The development of Dynamic Map is one of the high-priority themes to be addressed in the cooperative areas. Dynamic Map is a 3D digital map for automated driving, integrating “static data” (or a high definition 3D map) with “dynamic data”. “Static data” refers to information related to road width, stop signs, lanes, traffic signs and buildings for example, while “dynamic data” refers to road traffic control, road construction, weather conditions, present information about traffic lights and pedestrians on the road, and so on.

Compared with the existing car navigation systems, Dynamic Map is capable of processing a much greater amount of information than conventional car navigation systems, and can grasp location of the car and circumstances of the surrounding area seamlessly with a high degree of accuracy by transferring driving information gathered from various sources including the GPS system and road information infrastructure to Dynamic Map.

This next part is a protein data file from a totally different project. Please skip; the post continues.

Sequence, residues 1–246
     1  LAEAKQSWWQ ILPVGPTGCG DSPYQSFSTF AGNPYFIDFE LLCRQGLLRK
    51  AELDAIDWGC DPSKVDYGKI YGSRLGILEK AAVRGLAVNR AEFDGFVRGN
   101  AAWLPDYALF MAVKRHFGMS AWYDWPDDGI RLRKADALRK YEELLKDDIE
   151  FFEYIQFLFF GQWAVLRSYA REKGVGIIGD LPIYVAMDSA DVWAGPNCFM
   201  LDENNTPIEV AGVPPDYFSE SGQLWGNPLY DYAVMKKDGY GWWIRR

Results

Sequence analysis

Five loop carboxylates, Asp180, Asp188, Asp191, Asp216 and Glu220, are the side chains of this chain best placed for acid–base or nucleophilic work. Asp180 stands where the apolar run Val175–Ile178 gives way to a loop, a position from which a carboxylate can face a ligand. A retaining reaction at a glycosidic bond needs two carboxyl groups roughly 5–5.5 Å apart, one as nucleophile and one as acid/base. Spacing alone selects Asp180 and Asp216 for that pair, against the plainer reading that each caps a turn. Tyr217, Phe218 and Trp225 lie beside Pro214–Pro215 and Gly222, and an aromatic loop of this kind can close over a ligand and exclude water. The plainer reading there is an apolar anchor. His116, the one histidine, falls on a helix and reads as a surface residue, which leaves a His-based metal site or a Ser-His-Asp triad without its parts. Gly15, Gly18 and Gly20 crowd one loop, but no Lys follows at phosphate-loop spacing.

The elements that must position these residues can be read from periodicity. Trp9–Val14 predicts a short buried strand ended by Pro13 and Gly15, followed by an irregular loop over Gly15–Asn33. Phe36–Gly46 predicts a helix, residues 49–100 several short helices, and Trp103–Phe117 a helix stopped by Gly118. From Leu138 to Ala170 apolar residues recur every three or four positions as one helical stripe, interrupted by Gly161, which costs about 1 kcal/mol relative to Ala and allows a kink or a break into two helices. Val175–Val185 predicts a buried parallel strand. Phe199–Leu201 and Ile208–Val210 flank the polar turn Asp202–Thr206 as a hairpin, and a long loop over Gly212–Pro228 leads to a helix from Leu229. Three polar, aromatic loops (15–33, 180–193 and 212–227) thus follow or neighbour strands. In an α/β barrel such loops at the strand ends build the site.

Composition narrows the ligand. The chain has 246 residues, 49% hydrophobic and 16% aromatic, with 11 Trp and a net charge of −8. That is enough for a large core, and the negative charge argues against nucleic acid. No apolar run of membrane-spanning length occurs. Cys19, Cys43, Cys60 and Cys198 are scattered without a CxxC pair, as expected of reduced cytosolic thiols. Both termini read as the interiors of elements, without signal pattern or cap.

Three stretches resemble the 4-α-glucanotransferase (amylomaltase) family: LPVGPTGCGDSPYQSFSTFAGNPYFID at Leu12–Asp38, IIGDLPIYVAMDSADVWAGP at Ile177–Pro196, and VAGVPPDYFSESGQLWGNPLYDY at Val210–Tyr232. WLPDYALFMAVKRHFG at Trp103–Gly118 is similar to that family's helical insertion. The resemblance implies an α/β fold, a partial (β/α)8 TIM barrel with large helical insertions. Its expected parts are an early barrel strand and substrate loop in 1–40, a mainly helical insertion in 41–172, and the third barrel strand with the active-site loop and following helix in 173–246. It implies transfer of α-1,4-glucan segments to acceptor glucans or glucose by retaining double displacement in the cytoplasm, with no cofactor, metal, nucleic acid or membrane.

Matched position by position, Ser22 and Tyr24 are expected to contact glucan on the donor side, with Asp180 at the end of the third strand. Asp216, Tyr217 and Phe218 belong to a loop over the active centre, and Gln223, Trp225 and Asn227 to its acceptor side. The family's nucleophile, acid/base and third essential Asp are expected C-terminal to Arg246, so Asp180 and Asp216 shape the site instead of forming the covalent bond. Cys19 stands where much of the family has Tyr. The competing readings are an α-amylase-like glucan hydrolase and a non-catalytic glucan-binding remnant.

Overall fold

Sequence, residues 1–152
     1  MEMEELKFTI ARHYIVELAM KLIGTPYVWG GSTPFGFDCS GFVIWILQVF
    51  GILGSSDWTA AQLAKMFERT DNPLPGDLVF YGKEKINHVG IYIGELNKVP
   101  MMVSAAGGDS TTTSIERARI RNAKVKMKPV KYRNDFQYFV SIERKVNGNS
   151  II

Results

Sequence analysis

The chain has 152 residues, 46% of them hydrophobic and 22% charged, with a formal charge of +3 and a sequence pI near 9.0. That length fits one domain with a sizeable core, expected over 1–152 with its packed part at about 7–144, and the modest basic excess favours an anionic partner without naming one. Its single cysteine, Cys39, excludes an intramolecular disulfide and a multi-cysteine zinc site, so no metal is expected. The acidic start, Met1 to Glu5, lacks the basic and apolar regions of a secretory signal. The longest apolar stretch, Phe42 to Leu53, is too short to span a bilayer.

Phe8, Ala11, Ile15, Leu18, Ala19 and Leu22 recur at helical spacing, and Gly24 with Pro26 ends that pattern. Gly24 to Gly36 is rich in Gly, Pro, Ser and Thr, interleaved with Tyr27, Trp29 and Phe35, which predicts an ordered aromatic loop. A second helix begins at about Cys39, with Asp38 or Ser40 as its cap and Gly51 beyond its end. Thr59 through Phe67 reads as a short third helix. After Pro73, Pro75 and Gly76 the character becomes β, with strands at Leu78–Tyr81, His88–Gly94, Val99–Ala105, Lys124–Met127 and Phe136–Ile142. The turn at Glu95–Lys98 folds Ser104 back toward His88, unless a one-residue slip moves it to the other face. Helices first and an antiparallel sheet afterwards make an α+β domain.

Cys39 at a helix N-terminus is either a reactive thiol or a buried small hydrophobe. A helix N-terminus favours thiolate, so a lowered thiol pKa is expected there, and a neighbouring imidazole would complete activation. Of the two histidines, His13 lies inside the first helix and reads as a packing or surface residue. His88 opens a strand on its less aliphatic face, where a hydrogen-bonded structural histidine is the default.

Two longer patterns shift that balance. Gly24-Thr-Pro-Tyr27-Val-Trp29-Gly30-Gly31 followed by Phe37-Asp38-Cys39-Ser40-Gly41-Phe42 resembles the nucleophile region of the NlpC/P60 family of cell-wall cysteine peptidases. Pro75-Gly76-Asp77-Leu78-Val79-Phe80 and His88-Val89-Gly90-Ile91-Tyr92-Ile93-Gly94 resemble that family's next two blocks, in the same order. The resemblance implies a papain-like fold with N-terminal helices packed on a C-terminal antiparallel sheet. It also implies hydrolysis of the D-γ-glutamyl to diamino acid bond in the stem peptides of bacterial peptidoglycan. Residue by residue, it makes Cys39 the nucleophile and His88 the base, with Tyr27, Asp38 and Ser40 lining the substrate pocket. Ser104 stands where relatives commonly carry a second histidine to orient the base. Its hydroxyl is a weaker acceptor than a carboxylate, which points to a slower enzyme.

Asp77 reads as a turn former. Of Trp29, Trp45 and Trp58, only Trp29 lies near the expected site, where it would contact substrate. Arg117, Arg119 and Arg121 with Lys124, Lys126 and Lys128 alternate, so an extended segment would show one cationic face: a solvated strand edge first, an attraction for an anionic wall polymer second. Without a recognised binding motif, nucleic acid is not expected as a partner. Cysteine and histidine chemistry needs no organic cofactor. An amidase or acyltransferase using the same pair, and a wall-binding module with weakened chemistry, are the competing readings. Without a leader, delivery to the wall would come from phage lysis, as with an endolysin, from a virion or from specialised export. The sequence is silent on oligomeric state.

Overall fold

Under this project, the SIP-adus has been taking active steps to develop technologies and schemes to gather the necessary information and data for the Dynamic Map system. For example, the high definition 3D map, which plays a fundamental role in the system, has been constructed with GPS information as well as cameras and sensors for measuring installed in moving cars.

Dynamic Map Platform Co., Ltd. was founded in June 2017. Jointly established by Innovation Network Corporation of Japan, an electronics company, auto manufacturers and mapping service providers, the new company has started to create high-precision three-dimensional map data related to the nationwide expressways and motorways.

“The development of Dynamic Map is indeed one of the significant achievements of our SIP-adus project. We have determined the specifications regarding the static data comprised of information related to driving lanes and traffic signs. At present, Japan has officially made a proposal to the International Standards Organization (ISO) regarding the international standardization of the static data,” says Chikuma.